Jewel owner in real gem of a fix

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FOR OVER a decade, an Indian named G Vidyaraj has been sitting on rare jewels worth more than a billion dollars that he cannot touch. Mr Vidyaraj, 63, a retired solicitor, does not live like a billionaire. He and his wife rent a decaying house in the southern city of Bangalore for pounds 3.50 a month. The couple get by on handouts from their son and daughter in the United States.

Yet Mr Vidyaraj possesses the world's three largest rubies - the 2,475- carat "Ravirathna", luminous, purple-red and the size of a cricket ball; the 650-carat "Vidyaraj" and a 215-carat ruby named after his wife, Indumathi. The largest double-star sapphire, the 1,370-carat "Neelanjali" also belongs to him.

His predicament is that the Indan government says these gems are antiquities and cannot be sold without its permission.Since the stones are uncut, Mr Vidyaraj argues they are not antiquities. The rubies and sapphires are safe in an American bank vault, but he is worried that he might end up in an Indian jail.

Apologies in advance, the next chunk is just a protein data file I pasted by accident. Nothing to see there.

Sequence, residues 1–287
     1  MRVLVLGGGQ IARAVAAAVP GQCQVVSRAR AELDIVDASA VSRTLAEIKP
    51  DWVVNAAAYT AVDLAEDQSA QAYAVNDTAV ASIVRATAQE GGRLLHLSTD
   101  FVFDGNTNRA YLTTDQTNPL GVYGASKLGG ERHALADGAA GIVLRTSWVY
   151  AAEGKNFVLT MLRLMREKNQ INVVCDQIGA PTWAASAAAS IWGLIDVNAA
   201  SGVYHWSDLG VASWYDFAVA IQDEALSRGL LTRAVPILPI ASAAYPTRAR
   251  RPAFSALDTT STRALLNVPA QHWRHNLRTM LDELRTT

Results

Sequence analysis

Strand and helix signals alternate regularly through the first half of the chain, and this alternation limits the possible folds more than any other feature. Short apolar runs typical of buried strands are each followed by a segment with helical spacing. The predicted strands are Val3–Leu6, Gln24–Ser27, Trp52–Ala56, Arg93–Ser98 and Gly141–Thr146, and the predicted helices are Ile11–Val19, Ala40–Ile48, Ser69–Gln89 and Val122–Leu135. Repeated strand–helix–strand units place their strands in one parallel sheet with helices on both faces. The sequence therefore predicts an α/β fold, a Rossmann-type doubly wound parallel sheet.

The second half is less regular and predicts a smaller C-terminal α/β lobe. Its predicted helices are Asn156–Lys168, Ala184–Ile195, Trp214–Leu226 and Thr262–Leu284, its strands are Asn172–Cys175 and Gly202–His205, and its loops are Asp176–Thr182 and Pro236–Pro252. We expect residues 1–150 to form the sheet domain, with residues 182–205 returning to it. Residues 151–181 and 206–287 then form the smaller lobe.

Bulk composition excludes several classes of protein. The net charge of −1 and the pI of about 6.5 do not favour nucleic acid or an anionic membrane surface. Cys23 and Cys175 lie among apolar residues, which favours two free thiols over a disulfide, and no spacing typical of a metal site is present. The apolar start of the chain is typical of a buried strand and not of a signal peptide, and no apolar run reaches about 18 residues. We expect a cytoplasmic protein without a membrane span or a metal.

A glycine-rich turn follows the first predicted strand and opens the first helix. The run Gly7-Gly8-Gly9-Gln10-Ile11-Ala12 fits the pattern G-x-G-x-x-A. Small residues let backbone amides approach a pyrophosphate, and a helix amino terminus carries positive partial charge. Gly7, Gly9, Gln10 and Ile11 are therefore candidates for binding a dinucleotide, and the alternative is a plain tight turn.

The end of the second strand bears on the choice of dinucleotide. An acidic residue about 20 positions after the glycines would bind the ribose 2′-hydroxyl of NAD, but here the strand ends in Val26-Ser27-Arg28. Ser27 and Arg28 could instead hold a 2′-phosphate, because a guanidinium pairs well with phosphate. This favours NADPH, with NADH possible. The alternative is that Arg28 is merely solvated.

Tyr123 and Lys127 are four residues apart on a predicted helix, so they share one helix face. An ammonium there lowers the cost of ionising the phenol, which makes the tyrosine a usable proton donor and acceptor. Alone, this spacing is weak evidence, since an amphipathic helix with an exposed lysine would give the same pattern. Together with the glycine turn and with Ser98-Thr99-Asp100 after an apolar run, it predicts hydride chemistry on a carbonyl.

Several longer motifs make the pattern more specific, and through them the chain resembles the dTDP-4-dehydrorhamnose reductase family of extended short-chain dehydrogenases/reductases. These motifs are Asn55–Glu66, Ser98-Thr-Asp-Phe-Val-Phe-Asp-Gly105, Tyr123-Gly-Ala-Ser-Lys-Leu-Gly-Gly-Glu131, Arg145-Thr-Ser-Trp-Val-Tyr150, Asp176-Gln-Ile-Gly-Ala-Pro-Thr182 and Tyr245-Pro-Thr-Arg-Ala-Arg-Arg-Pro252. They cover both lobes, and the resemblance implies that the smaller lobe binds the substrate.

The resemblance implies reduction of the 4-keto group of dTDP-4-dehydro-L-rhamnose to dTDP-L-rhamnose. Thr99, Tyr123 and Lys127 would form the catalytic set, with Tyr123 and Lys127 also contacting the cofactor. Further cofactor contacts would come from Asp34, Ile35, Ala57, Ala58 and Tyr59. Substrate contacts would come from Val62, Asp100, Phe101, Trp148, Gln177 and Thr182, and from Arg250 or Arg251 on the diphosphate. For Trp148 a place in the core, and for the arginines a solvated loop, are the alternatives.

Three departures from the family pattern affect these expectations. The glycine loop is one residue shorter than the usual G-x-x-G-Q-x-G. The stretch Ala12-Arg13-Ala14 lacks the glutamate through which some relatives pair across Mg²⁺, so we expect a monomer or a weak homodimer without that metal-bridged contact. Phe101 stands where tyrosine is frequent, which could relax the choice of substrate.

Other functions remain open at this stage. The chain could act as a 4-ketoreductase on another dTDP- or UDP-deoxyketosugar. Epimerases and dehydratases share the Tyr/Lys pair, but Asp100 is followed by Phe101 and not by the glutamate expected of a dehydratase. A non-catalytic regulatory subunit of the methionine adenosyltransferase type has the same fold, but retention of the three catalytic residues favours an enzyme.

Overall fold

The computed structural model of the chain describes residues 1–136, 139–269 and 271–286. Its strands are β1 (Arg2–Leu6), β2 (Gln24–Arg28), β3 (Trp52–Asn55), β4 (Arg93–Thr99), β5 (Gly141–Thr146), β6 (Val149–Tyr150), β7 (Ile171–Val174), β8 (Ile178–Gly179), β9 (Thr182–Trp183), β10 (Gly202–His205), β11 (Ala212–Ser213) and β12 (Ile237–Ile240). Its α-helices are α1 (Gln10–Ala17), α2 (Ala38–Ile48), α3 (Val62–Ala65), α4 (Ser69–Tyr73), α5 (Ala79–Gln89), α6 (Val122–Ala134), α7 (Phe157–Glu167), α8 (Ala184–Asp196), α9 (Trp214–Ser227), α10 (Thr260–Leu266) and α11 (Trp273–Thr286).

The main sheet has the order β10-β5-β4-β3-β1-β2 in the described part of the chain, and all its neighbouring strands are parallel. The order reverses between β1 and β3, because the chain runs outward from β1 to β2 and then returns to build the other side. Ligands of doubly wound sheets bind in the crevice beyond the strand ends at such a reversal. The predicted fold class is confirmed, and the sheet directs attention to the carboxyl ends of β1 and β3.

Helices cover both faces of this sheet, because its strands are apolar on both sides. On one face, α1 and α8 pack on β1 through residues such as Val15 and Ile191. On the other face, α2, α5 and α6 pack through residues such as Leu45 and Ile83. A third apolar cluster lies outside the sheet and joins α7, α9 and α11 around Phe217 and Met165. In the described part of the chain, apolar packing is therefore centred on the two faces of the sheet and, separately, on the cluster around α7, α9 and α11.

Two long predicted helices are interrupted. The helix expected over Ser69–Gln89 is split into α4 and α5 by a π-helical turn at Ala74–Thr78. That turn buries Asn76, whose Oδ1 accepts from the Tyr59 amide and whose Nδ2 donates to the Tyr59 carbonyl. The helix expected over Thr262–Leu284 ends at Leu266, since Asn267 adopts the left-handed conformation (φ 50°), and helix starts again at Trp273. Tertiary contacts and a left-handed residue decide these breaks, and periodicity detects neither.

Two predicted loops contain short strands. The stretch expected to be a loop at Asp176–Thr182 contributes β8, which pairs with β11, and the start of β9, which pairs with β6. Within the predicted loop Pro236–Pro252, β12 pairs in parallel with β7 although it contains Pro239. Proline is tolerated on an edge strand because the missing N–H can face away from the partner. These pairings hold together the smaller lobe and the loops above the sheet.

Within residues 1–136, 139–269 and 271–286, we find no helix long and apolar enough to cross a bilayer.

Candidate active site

For generations, his family kept what looked like lumps of coal for worship in the family's Hindu shrine. In 1983 he tried giving them away to a temple, but the pandits refused them.

Mr Vidyaraj confided to his wife that he intended to clean them up. "She told me they were sacred stones and I shouldn't dare tamper with them," he said. Undeterred, he began scrubbing with hot water and an old toothbrush. "I saw these red and blue specks."

Three of the gems are now listed in the Guinness Book of Records. He is not certain how they fell into his family's hands, but the Vidyarajs are descended from ancient Indian kings.

If cleared by Indian law, Mr Vidyaraj hopes to auction some of his jewels this year, possibly through Sotheby or Christie's in London. If he does succeed in selling the big stones, Mr Vidyaraj will donate most of the money to charity. As he told India Today: "What earthly benefit will I get if the stones are locked up?"